In Case You Missed It, Recap of the Morelia Film Festival

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Twitter: @infoCinelandia

For the eleventh year in a row the colonial city of Morelia in the Mexican state of Michoacan played host to a world class film festival, the Festival Internacional de Cine de Morelia (FICM). More than just a showcase of local cineastes the fest brings premieres of big international films to Mexican audiences.

The festival opened with the box office hit Gravity, highlighting Mexico’s infiltration of Hollywood and closed with Ridley Scott‘s The Counselor. Like all things in vogue, the ten day celebration continues to draw star power. Celebrity sightings in Morelia this year included Alfonso Cuaron, Quentin Tarantino, Robert Rodriguez, Danny Trejo, Edward James Olmos, Diego Luna, John Sayles, and Alejandro Jodorowsky.

If you are like us and couldn’t attend FICM this year here is the next best thing: behind the scenes stories and celebrity run-ins from a few of our friends who were actually there.

Film critic and blogger Michael Guillen attended FICM for the first time. He shares his red carpet observations:

I’m not really a party kind of guy at film festivals, but did enjoy the opening night red carpet for Gravity and was impressed with Alfonso Cuarón’s generosity to his fanbase. He willingly signed autographs and allowed himself to be photobombed a hundred times with no reluctance or complaint.

And his popcorn observations:

I’ve noted that — whereas American movie theaters smell of buttered popcorn — Morelia’s Cinépolis smells of pickled jalapeño peppers and enchilada-flavored popcorn (I kid you not).

Jim Mendiola, Director of CineFestival and Artist in Residence at University of Texas at Austin was also at FICM for the first time. He explains the festival venue set up:

The setting for the festival takes place all within a 10 block radius of the main plaza in Morelia, giving you an intimate and convenient access to the films, venues, and filmmakers.

And how the intimate setting can lead to a Diego Luna sighting:

One morning I was enjoying a relaxing breakfast at a cafe under the 200 year old portales overlooking the plaza. There I was sipping coffee, eating my huevos a la mexicana and reading the film reviews from the night’s previous films in the Michoacan section of La Jornada. All of a sudden Diego Luna and his entourage sit at the table to my left. Next thing you know people started coming up to him with abrazos and handshakes, fans suddenly appear with iPhone cameras posing with the star, cars are stopping in the street to see what’s up. My relaxing morning was over. But it was OK. Diego was great with everyone. Smiles all around. People laughing. Talking about movies. Just another typical moment at Morelia 2013.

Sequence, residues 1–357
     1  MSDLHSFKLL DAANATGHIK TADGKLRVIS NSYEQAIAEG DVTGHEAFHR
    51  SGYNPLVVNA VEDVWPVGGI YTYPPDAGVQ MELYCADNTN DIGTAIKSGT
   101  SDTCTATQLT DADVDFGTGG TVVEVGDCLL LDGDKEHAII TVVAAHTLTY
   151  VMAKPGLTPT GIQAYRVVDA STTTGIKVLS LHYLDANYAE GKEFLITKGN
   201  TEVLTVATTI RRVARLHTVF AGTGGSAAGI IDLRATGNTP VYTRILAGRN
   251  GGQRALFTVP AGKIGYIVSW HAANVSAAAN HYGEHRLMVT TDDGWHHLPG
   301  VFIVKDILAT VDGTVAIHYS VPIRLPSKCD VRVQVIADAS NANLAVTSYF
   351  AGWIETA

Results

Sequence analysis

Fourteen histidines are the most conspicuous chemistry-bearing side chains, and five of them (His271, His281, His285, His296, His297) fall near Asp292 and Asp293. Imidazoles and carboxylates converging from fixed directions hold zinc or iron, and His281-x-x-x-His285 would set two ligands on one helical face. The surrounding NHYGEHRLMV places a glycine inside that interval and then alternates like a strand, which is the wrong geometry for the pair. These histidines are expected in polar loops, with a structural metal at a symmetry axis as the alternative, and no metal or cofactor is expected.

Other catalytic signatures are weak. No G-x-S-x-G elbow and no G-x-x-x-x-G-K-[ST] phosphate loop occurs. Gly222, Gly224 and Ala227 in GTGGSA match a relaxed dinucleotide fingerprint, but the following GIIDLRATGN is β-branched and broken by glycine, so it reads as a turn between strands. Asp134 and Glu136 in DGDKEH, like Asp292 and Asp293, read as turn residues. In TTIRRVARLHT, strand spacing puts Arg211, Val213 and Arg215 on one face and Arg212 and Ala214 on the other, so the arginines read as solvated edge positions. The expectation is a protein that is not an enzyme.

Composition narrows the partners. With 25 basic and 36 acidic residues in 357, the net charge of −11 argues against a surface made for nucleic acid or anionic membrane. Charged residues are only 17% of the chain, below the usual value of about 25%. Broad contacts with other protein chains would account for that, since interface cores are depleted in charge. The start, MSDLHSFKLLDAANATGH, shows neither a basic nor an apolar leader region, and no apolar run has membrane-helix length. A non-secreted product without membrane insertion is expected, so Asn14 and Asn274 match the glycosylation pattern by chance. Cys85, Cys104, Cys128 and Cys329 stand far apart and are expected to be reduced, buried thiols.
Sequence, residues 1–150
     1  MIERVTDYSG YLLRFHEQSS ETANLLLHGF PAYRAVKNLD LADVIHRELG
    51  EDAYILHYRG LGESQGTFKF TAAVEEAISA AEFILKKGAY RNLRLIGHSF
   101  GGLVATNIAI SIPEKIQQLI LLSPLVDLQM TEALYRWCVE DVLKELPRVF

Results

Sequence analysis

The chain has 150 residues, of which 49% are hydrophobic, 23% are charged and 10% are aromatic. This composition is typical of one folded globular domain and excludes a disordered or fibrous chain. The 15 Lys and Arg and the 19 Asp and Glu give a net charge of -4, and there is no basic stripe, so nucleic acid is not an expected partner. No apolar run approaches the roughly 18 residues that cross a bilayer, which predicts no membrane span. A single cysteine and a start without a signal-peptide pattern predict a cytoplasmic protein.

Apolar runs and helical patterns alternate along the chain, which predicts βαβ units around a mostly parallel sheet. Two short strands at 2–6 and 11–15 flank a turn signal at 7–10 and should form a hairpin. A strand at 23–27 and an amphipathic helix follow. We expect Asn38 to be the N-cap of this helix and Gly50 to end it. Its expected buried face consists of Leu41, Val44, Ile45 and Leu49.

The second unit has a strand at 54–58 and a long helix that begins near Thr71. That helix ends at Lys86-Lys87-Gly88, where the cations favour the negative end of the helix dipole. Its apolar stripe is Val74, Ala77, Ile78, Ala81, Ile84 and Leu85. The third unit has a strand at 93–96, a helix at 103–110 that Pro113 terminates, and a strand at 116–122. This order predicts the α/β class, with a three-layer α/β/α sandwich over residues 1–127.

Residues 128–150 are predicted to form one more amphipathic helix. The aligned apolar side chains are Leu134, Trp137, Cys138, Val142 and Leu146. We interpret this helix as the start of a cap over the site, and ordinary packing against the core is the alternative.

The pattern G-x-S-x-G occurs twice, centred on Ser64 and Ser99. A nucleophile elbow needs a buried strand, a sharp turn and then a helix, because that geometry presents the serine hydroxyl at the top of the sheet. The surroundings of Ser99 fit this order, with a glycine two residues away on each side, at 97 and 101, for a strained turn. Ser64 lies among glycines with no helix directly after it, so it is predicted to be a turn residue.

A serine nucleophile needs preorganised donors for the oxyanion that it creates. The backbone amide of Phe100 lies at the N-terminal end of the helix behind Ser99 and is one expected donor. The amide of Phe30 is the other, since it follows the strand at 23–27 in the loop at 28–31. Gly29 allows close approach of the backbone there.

Claudia Norman, Founder and Director of the New York-based Mexican art and culture festival Celebrate México Now had her own run-in with a celebrity: Quentin Tarantino.

The first day that Tarantino went to the theater in Morelia it turned into a huge commotion. I was walking and all of a sudden on the corner, he gets out of a car and everyone went running towards him. I was able to pass by without a problem and went into the theater but didn’t know which screening room I was supposed to be in. I was standing in a totally empty hallway and heard a huge commotion, behind me they were holding back thousands of journalists and fans. All off a sudden I bump into Tarantino himself, with a huge smile, and his bodyguards. Together we all walked to screening room number 5 at Cinepolis in Morelia (which now carries his name). The movie we saw was La Zandunga (1937) by Fernando de Fuentes.

The Festival Internacional de Cine de Morelia sounds like it was tons of fun. But, let’s not forget the films. Closing night was a chance to hand out awards, here are the winners…

Best Film: Workers, José Luis Valle

Best Documentary: El cuarto desnudo, Nuria Ibáñez

Audience Award and Best First Film: La jaula de oro, Diego Quemada-Diez